I am proud to say I helped organize a mission for Rotary Club of Baton Rouge to Belize as part of Rotary International’s efforts to save lives, improve environmental conditions and overall quality of life. It’s part of my personal and corporate commitment to put service above self. An inexpensive, easy way to combat disease is to increase awareness to the importance of handwashing and provide access to potable water to do so. 

Below is from a blog post from the Water & Sanitation Rotarian Action Group:

Question: what’s the most-effective, least-expensive way to reduce disease and save lives in Developing Nations?
Handwashing station. Photo courtesy of WASRAG.

Handwashing station. Photo courtesy of WASRAG.

In other words, what health intervention can give us the “biggest bang” for Rotary’s “humanitarian buck?”
Almost everyone is surprised to learn that handwashing:
>Can save 5% more lives than point-of-use water treatment, like water filters, chlorination, and solar pasteurization.
>Can save 12% more lives than latrines.
>Can save 33% more lives than treated public water.
In fact, some researchers say that “handwashing with soap could be thought of as a ‘do-it-yourself’ vaccine.” Others have concluded that handwashing is “the single-most, cost-effective, health intervention” known – bar none.
Pneumonia, a respiratory disease, is the world’s greatest child-killer. Diarrheal diseases follow right behind. In fact, these two account for 64% of all childhood deaths, globally. (And there’s still malnutrition.)
But international studies show that a well implemented handwashing campaign can:
>Reduce diarrheal diseases by over 40%.
>Reduce respiratory infections (including pneumonia) by 30%.
>Reduce substantially the deaths from malnutrition caused by diarrhea and nematod infections.
That’s three strikes against three killer diseases.
But wait. There are also some bonuses. Handwashing can also:
>Reduce death from infections at birth.
>Reduce skin infections.

>Reduce eye infections.
>Reduce co-infections and disease progression of HIV/AIDS victims.
It’s just a fact. What is on your hands can make you sick!
So what do we do?
We call it “The Big Three.” Wash your hands:
>After the toilet and after changing the baby.

>Before preparing food.


>Before you eat.
Simple! No rocket science required.
Well, it’s not quite so simple. Personal and cultural habits die hard. Changing public behavior is treacherous and takes time. So how are we going about it in District 4060 — Dominican Republic?
Our strategy is to leverage up Rotary’s efforts by using schools to teach students and penetrate communities. The work and funding that Rotary puts into a handwashing project through the schools puts into motion a process of training and behavioral support that can last for years. That’s real leverage!
There are 13 countries that have national handwashing campaigns. Mega millions of dollars are going into those campaigns from The World Bank, UNICEF, national governments, and the like. These campaigns tend to work from the top down. Rotary does not have mega millions to spend, but Rotary is very, very good at what it does – working from the bottom up. Person-by-person, family-by-family, school-by-school, village-by-village.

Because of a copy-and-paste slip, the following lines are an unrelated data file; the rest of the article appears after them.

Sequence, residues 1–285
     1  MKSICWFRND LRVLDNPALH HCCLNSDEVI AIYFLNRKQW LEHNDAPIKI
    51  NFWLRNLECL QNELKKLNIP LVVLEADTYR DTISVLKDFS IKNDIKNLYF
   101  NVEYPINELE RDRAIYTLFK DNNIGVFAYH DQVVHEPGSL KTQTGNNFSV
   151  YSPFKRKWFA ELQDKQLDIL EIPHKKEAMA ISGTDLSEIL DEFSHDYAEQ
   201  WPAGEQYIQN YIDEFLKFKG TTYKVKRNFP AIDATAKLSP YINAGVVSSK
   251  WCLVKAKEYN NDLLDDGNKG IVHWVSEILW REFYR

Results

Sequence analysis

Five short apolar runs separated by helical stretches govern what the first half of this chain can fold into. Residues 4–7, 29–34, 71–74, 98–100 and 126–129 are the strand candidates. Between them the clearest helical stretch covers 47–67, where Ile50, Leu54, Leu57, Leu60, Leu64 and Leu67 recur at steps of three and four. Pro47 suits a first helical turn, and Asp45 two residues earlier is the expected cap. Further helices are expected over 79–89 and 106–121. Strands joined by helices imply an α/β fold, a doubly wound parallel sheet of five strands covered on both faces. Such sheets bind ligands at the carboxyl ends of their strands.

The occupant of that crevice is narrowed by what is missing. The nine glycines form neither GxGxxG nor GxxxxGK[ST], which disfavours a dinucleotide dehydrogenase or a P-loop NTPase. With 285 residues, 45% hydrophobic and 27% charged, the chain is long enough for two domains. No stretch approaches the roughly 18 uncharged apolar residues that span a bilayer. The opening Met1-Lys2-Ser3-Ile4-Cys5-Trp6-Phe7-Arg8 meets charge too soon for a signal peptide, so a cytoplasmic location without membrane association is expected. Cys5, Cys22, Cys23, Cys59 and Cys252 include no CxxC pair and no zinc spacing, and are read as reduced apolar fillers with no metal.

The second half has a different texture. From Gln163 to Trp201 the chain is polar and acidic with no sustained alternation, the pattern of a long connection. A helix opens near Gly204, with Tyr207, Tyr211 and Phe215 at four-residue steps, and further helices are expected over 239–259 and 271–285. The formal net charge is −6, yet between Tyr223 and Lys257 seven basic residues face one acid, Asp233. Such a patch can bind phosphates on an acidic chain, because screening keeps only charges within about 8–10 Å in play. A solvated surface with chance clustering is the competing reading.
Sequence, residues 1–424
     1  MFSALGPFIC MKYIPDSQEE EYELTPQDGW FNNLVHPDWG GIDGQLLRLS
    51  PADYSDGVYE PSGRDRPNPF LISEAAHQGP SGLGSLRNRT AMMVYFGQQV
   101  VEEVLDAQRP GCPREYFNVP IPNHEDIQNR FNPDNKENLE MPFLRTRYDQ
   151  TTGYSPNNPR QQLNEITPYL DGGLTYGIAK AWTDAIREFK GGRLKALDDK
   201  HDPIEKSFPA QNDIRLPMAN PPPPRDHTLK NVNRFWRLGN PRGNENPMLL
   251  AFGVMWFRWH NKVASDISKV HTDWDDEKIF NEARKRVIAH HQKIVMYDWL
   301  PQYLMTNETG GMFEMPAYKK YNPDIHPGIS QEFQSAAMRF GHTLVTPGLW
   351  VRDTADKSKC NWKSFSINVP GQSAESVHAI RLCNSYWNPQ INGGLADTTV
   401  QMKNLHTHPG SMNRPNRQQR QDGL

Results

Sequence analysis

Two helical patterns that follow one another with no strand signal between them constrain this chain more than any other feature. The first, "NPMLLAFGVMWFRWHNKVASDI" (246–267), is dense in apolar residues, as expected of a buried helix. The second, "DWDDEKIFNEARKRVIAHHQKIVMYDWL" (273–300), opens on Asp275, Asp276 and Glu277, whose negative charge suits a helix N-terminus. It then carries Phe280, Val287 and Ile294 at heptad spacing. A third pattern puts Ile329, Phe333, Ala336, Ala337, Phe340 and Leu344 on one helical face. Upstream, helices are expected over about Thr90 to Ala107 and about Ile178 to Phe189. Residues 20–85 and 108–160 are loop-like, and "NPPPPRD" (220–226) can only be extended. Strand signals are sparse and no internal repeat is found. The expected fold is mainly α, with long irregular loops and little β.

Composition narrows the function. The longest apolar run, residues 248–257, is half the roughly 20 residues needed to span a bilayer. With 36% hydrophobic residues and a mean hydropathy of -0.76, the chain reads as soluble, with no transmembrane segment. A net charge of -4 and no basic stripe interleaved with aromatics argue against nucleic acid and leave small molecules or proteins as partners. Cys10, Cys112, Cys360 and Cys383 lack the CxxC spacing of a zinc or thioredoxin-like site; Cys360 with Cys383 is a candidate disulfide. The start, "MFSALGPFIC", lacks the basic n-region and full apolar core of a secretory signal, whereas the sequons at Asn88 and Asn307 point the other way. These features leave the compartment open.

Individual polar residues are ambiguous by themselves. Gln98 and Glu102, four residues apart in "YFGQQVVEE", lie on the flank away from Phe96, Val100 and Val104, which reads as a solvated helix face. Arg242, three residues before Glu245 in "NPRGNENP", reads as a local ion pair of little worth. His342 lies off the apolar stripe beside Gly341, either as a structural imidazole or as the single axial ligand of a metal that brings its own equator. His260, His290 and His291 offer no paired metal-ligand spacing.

So with a “little” we can leverage up to get a “lot” of bang for the buck. How do we do that?
We start with the principals of individual schools. We convince principals that reducing diarrhea is good for the school and good for the families of the students. That’s not hard to sell. Then we enter into a contract with the principals: “here’s what we will do” and “here’s what you will do.”
Then the principals assign at least two teachers from their schools to be trained and certified to teach hygiene and handwashing to the classes in those schools.  We conduct workshops to train and certify these teachers.  And We provide classroom teaching materials.  And we provide handwashing stations because most schools do not have lavatories and the lavatories in those that do rarely work.
The teachers return to their schools and set up a schedule with their principals to teach all the classes in a school.  We have some schools with 16 students, but some have 3,000 students.  The teachers file certified reports showing us what classes they have taught and how many students were in each class.  This gives us documentation for project evaluation.
But, human nature being what it is, we also find it wise to have a monitor to visit the schools.  First, we want to be sure we provide support and solve any problems they have.  Second, we want to make sure they are in compliance with our contract with their school – that is, that they are, in fact, teaching students as they were trained to do in the workshops.  Third, we want to see if there are qualitative improvements in student health.
This campaign started in November, 2012.  Already we are getting good anecdotal evidence that absences from diarrhea are coming down and that some skin diseases are abating.
Where are we headed with this program?
Our goal is to make this a national campaign.  Rotary literally has the opportunity to change the face of a nation by improving the health of its children – children who deserve to live, today, and who will be the nation’s adults, tomorrow.
The early phases of this Campaign are for building a successful model to launch it nationally.  When we have a tested operational model and a stable campaign of broad scope in the Dominican Republic, then we plan to launch a similar campaign for our neighbor, Haiti.
The Rotary Foundation and District 6310 (N.E. Michigan, USA) have been pioneers with us in starting this Campaign.  But it will take many, many clubs and districts to have a national program.  We Need You!

If this approach to reducing disease and saving lives gets you excited, please let me know by commenting below or sending me an email.